This week on the program, I’m celebrating the life and career of singer Joe Williams, who would have turned 100 years old this week. Williams was a deep-voiced blues shouter who got his start singing with Count Basie in the 1950s when he was already 35 years old. In the 1960s and beyond, Williams became equally known for his tender ballad singing, and could switch effortlessly between the two genres. I’ll play for you some of his best remembered works, including “Everyday I Have The Blues.”
Joe Williams was born Joseph Goreed in Cordele, Georgia in 1918. Like many African Americans in the south around this time, young Joe’s mother brought him to Chicago for a better life, as part of the Great Migration.
His first singing was done in the church. But by his early twenties he was getting some part time work in Chicago as a balladeer under the name “Joe Williams” alongside the bands of Lionel Hampton, Coleman Hawkins, and others.
There’s not much evidence of Williams’ career during most of the 1940s and early 1950s. Only a few recordings exist, his first being the boogie woogie song “Roll Em Pete,” which he recorded with Albert Ammons in Milwaukee in 1943. “Roll Em Pete” later became a staple of Joe Williams’ repertoire years later. His commercial debut came in 1946 with Decca Records alongside Andy Kirk and His Clouds of Joy, singing the novelty record “Louella.”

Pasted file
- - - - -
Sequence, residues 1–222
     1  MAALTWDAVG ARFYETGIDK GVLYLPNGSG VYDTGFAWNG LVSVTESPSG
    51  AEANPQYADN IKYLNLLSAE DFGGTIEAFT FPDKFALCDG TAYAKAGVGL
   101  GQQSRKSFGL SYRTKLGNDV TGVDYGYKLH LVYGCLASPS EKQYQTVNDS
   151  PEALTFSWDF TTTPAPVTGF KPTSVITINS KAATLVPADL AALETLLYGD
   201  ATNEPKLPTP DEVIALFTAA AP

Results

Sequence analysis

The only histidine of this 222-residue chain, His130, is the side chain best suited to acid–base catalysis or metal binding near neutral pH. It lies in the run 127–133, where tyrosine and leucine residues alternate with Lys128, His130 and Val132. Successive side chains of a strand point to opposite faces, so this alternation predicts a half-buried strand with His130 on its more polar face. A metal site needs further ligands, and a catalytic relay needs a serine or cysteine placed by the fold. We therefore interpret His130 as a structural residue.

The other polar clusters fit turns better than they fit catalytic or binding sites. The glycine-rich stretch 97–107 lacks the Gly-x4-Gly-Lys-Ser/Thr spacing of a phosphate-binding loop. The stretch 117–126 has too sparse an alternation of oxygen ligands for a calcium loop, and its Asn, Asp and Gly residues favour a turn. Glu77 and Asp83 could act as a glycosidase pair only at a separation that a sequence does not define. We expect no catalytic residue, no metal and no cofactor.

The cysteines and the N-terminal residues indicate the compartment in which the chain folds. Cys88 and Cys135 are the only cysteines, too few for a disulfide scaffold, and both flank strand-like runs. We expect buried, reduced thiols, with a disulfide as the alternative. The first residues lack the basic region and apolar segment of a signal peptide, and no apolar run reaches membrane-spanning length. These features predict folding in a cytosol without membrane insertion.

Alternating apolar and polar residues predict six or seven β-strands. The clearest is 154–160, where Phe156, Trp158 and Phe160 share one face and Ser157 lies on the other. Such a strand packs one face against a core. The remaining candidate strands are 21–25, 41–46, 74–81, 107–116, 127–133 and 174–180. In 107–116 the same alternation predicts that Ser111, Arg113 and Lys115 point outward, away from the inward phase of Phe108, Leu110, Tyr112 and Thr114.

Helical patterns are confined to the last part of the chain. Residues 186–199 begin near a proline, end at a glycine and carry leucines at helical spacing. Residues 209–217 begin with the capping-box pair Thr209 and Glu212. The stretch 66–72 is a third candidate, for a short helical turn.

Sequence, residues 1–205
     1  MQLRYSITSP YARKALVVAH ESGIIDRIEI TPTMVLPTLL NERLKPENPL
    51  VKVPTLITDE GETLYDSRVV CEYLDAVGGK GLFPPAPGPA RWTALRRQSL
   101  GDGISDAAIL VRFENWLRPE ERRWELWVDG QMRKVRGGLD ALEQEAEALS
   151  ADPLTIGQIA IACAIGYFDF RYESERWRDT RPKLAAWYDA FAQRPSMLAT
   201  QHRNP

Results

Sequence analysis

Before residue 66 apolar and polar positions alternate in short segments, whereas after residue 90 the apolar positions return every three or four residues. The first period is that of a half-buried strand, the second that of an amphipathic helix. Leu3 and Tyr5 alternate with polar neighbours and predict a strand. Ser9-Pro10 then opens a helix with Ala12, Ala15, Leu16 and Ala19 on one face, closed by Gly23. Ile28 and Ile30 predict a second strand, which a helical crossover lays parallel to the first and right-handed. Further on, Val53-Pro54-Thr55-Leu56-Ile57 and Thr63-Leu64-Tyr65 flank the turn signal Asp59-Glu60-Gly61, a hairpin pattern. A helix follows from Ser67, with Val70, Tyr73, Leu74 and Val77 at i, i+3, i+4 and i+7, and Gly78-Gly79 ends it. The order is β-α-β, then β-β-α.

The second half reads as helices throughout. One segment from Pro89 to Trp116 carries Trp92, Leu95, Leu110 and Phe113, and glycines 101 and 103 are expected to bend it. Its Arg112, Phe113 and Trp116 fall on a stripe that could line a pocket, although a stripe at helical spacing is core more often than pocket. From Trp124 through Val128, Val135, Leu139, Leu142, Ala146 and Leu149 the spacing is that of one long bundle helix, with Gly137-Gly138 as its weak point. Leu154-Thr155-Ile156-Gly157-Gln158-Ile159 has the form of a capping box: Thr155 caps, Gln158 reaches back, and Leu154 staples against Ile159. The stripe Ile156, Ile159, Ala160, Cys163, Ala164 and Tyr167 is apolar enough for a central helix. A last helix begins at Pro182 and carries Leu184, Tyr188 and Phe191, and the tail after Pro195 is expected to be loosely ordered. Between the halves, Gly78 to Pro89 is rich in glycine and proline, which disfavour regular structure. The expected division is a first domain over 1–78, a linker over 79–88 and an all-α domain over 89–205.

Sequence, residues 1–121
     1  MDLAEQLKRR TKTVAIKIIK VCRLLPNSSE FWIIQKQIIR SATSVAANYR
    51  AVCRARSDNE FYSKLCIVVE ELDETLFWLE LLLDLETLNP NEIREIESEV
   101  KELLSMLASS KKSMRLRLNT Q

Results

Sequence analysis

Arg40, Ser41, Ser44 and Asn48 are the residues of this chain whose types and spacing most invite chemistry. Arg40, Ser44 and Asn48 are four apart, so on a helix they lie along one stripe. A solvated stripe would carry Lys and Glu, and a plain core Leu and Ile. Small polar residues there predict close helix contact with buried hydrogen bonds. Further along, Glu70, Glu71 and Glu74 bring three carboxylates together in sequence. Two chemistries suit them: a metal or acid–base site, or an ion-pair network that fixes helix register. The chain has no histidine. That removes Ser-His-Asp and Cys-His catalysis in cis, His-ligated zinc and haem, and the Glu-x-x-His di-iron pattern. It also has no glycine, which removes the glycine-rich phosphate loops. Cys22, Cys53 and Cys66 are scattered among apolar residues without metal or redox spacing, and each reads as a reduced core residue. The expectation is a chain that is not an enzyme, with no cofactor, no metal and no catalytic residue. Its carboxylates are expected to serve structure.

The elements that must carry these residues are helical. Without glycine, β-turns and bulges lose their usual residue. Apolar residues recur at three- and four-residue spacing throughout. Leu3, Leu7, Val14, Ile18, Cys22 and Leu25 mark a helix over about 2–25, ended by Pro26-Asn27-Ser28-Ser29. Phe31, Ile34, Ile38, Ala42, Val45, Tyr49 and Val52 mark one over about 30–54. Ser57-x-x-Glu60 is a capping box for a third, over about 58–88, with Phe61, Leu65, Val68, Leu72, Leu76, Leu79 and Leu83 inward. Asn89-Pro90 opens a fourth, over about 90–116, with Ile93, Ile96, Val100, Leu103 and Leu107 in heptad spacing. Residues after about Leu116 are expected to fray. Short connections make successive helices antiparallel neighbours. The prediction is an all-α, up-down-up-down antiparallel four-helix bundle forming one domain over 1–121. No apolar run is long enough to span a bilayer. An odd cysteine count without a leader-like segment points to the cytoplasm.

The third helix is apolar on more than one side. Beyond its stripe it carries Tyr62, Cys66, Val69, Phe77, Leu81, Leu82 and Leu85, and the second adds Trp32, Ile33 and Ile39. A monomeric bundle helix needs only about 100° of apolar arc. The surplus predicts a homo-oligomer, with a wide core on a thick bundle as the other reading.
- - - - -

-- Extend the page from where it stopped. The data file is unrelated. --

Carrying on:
But besides these recordings, Williams didn’t have much to show for all of his hard work. You can basically count the number of Joe Williams records for the first decade of his musical career on one hand.
With Count Basie and His Orchestra
Then in the early 1950s, he discovered a Memphis Slim blues song called “Every Day I Have The Blues,” and incorporated it into his repertoire. He didn’t consider himself a blues singer, but everyone who heard him sing this song in Chicago thought otherwise.
On the strength of this song alone, Joe Williams was hired by one of the most famous bandleaders in the nation, Count Basie. At the age of 35, Williams had finally made it. In 1955, he recorded “Every Day I Have The Blues” with Basie and scored a best-selling single. The song put Basie back on top and made Joe Williams the new blues singer to watch.
Their first album together was Count Basie Swings/Joe Williams Sings, released on Verve records. That album was where Williams emerged as a true artist, fully formed at the relatively old age of 35. And many of the songs he recorded on this first album became part of the Joe Williams repertory for the remainder of his 40 year career.
When Williams joined Basie’s band in 1955, it marked a renewed success for the Orchestra. Basie soon called Williams his “number one son.” Williams and Basie recorded several more albums together for Verve Records in the late 1950s. One standout record had Williams teamed up with vocal group Lambert, Hendricks and Ross, performing some of Basie’s signature songs.